SACRAMENTO – On Wednesday, August 18, the Assembly Select Committee on California’s Clean Energy Economy, chaired by Assemblymember Bill Quirk (D-Hayward), hosted an informational hearing, Through the Valley of Death: Taking Emerging Seasonal Energy Storage Technologies from Research and Development through Deployment. The committee heard from various engineers and experts about the need for seasonal energy storage, emerging technologies that could provide seasonal storage, and what is needed to scale up and deploy these technologies. These experts and engineers represented public, private and education institutions, including the University of California Merced, School of Engineering, California Energy Storage Alliance, Form Energy, Lawrence Berkeley National Laboratory, California Energy Commission and Sandia National Lab.
In 2018, California set an ambitious goal of decarbonizing the electric grid by 2045. To meet this goal, the grid will increasingly rely on renewable energy sources, including solar and wind power. But energy production by solar and wind resources varies based on the weather and is not always enough to meet energy demand. “This leads to over-generation of renewable energy in the spring and early summer months that must be curtailed,” explained Assemblymember Quirk.
Meanwhile, California relies on natural gas “peaker” plants to meet energy demand later in the summer and in winter months. Seasonal energy storage could be a key tool in ensuring grid reliability by harnessing renewable energy when it is available and storing it for days, weeks, or even months for later use.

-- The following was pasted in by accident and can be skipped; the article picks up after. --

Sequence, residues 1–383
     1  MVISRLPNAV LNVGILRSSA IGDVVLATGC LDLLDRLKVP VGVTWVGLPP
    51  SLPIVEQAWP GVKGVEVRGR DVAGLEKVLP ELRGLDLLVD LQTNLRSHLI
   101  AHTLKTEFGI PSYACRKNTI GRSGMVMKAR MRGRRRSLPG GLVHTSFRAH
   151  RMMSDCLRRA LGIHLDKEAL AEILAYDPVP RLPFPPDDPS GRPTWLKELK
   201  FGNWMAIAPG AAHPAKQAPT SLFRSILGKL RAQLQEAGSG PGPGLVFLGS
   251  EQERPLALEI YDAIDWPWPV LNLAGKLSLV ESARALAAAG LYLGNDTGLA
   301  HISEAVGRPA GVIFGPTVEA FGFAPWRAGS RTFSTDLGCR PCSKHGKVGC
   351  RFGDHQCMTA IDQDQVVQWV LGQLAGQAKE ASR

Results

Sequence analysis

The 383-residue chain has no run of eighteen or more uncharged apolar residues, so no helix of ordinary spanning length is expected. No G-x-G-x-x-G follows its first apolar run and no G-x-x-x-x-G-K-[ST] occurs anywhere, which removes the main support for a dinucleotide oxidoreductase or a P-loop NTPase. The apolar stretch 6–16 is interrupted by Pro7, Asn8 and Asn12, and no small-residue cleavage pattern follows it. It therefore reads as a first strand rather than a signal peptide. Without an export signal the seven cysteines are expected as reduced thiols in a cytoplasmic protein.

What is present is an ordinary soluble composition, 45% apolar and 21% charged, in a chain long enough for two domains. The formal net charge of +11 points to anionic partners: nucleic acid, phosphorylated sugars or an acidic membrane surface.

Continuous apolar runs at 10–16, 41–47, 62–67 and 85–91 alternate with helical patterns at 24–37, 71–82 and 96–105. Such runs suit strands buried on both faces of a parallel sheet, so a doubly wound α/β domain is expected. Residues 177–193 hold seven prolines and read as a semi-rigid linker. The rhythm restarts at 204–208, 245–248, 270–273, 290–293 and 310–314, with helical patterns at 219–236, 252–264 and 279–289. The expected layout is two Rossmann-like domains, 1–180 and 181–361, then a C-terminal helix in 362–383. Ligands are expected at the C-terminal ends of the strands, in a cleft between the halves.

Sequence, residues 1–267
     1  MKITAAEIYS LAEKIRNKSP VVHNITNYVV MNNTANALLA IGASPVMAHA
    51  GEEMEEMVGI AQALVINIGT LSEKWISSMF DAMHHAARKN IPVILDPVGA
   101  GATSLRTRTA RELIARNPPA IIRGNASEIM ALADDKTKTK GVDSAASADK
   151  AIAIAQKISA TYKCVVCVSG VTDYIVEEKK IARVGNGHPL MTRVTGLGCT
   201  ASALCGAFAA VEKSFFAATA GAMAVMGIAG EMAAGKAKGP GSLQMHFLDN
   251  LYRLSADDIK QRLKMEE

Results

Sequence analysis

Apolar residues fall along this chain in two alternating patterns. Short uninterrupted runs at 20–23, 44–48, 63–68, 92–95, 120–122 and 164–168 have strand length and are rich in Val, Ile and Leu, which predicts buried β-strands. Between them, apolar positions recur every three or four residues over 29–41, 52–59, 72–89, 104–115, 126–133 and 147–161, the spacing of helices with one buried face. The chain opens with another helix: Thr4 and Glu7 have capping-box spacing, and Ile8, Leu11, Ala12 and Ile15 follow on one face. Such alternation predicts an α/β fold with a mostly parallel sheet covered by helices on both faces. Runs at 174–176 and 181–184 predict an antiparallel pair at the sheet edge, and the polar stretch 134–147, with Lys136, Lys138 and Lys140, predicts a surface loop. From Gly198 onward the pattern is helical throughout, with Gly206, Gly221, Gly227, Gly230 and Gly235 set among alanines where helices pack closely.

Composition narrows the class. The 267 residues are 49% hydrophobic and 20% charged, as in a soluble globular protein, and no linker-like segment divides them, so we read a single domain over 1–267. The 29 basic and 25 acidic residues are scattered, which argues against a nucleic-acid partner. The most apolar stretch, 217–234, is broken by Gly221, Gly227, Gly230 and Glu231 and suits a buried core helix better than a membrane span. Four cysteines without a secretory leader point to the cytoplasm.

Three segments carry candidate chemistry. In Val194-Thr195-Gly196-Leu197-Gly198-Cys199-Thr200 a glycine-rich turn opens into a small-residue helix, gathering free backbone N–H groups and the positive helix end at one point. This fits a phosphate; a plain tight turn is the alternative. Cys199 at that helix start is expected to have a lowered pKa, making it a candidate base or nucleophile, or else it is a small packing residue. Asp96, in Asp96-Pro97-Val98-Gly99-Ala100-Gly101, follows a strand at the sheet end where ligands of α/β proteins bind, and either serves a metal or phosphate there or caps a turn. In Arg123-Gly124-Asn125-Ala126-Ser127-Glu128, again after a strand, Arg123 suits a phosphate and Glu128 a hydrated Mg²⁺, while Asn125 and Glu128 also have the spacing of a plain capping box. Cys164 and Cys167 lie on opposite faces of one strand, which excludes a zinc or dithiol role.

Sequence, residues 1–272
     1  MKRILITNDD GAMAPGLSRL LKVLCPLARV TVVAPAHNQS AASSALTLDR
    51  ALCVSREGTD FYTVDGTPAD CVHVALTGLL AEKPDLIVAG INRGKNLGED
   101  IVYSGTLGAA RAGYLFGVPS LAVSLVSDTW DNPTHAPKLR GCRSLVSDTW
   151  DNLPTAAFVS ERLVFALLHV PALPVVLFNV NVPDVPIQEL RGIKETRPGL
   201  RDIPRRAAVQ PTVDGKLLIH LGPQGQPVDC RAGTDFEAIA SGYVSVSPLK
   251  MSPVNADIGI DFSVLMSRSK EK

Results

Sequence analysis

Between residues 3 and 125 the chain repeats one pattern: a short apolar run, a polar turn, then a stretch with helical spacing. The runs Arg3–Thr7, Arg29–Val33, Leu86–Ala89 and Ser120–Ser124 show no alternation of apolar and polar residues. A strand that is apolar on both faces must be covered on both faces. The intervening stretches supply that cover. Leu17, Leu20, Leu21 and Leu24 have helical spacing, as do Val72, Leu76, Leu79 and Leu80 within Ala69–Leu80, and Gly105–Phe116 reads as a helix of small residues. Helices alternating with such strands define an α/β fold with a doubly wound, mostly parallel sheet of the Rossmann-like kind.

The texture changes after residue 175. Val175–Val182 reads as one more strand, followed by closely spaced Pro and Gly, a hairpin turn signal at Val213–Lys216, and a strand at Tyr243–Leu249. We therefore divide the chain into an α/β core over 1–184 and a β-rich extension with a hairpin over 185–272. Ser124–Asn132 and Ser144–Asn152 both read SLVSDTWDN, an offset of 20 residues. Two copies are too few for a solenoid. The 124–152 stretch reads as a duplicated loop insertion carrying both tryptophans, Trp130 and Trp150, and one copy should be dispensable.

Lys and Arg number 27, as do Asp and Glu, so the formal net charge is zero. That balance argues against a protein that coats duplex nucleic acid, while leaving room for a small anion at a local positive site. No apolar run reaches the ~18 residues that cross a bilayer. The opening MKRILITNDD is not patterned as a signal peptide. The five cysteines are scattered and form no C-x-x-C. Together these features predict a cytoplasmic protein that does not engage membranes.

“However, many seasonal energy storage technologies are currently in the research and development stage and have yet to make it through the challenging phase of commercialization, also known as the “valley of death.” Scaling up and deploying these emerging technologies can require years to decades, so ensuring that cost-effective seasonal storage will be available in time to meet the 2045 goals set by SB 100 represents both technical and policy challenges,” noted Assemblymember Quirk.
State and federal grant programs can support the development and deployment of these technologies by funding technologies that are deemed to be too risky for private investors or that provide benefits that are currently not valued in the market.
"We talk about the climate crisis. To meet that crisis, we have a crisis now in deploying enough storage so we can meet our goals in 2030 and 2045 for decarbonizing our grid and decarbonizing our society" said Assemblymember Bill Quirk. “However, after today’s hearing, I worry that we might be too late.”
This informational hearing provided an overview of the role seasonal that energy storage can play in the zero-carbon grid; the challenges of commercializing seasonal energy storage technologies; and what work is ongoing and needed to develop and deploy energy storage in time to meet California’s 2045 goals.